Two New Jersey municipalities are using a data dashboard to track departmental performance and showcase their work to the public. Franklin Lakes and Millburn are both using a data tracking and visualization tool called Public Performance Dashboard, created by Revelstone, a startup launched in 2011 and assisted through Code for America’s Accelerator in 2012. The tool is giving local governments the opportunity to ask questions and change things for the better.

The dashboard enables governments to easily open their data and share it with citizens to build trust, said company co-founder Mark Nelson. “The dashboard is a website that provides a window into the operations of municipal services and delivers easily read trend charts of key performance data,” Nelson said in an email to Government Technology. “For example, you can view trend charts of the number of fire calls, fire inspections and education outreach events that may be keeping fire calls low. In public works, citizens can understand the change in tree canopy by viewing the number of trees planted versus those removed or the relationship of the tons of recycling collected versus tons of garbage collected. This information can help citizens be more informed and make their own evaluations on how their taxpayer dollars are being spent.”

Millburn was approached by Revelstone to become a beta member in 2012, said Alex McDonald, assistant business administrator for the township. “Our administrator is very interested in performance measurement and was thrilled at the idea, so we went with Revelstone to be a beta.” Since starting in 2012, Millburn has kept the system inward-facing, just recently opening the data to the public on Aug. 1.

“It’s been a good experience. We’ve involved in a variety of our departments, anywhere from public works, police, fire,” McDonald said. “We’ve really got buy-in from our departments in that performance measurement isn’t as scary a thing as some people may think. The goal was getting departments to look at how they operate and ask questions of specific data. This gave us the ability to do that where departments choose things they were interested in measuring and wanted to take a harder look at.”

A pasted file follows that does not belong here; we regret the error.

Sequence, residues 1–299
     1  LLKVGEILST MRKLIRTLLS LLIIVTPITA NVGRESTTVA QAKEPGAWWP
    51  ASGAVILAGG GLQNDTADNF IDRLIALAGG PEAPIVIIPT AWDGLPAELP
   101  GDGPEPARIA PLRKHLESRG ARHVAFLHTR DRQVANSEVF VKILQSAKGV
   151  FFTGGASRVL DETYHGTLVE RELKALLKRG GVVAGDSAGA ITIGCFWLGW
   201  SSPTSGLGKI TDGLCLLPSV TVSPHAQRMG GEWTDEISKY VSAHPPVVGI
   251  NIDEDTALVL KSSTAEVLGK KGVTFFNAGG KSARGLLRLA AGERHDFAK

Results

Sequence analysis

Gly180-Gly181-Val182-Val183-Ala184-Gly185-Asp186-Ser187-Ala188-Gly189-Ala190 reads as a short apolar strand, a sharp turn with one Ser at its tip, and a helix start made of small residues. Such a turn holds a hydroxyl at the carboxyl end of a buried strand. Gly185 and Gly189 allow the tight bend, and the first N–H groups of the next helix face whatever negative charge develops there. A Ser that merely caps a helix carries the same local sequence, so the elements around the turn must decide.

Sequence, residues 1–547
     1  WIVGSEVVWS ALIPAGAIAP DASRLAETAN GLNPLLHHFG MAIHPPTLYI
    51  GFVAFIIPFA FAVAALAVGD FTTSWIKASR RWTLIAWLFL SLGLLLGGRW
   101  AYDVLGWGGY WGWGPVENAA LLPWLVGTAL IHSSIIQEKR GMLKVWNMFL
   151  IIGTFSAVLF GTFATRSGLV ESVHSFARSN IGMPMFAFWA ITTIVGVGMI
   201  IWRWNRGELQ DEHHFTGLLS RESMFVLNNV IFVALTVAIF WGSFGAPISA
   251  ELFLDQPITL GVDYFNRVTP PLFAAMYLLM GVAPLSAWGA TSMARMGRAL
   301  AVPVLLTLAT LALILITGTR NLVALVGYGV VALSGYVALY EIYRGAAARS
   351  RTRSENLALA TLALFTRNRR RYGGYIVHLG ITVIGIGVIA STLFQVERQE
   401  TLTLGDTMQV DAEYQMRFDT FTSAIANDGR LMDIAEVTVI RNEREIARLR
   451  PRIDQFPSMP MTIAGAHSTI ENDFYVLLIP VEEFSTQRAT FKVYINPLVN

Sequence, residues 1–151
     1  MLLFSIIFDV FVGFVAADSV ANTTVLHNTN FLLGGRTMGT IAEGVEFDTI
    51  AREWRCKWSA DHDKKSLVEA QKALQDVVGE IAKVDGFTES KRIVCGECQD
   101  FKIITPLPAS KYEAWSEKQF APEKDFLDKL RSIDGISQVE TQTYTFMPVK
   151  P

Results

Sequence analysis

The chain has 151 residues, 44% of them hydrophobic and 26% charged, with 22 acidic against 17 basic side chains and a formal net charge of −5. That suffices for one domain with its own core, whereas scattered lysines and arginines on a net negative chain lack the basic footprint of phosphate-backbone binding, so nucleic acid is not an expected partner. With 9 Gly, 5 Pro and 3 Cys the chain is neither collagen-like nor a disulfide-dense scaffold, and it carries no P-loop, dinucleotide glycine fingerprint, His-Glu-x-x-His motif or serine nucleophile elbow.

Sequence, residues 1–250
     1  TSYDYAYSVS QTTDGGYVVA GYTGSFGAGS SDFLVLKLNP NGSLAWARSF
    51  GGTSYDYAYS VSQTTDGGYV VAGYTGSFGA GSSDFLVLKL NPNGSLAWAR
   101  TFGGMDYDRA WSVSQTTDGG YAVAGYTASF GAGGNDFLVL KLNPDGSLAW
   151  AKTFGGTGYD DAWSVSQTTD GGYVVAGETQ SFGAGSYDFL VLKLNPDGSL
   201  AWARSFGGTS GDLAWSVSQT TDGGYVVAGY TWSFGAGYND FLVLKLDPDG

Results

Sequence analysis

Opening the data was easier for some departments than it was for others, McDonald said. One of the best examples, he said, came from an idea suggested by a public works employee who spends many days checking the pump stations for sanitary sewer water. The worker suggested putting rainwater gauges at each pump station to measure the flow rate. The program enabled the township to do that, and now it has more than two years of data that will show where there are problems with rainwater infiltration, McDonald said.

For police, getting the data out was easy, he said, because they began by picking information from the Uniform Crime Report and plugging it into the Revelstone tool. “It was just a matter of putting it in a clean, concise place instead of maybe an Excel spreadsheet that got updated every once in a while," McDonald said. "This was a new home for the department data to then be able to quickly put a view together or for everybody to see that data."

Using the Public Performance Dashboard is intuitive and fairly easy, McDonald said. The township gave each department access to the dashboard’s back end and the freedom to update the information on their own. Much of the information found on the website is generated automatically by the tool and customized by the municipality. Both Franklin Lakes and Millburn plan to update their data on a quarterly basis, according to Revelstone.

The dashboard is licensed as a software-as-a-service model, with the monthly subscription based on population size of the municipality. Millburn pays $3,900 for the service annually, according to the township.

The dashboard hasn’t been available to the public long, so Millburn hasn’t gotten any feedback yet, McDonald said. But he expects people will talk about it once departments start changing their operations based on the performance monitoring and posting the results. Ultimately, he said, the dashboard’s purpose is to prompt questions and improve how the township works.

“We all measure in some way, shape or form in government — some of us better than others and certainly some of us more than others,” McDonald said. “This program gives you the ability to put it all in one place and bring everybody together under the same umbrella of measuring data and performance and taking a look at the whole picture, department by department.”

Colin Wood Colin Wood  |  Staff Writer

Colin has been writing for Government Technology since 2010. He lives in Seattle with his wife and their dog. He can be reached at cwood@govtech.com and on Google+.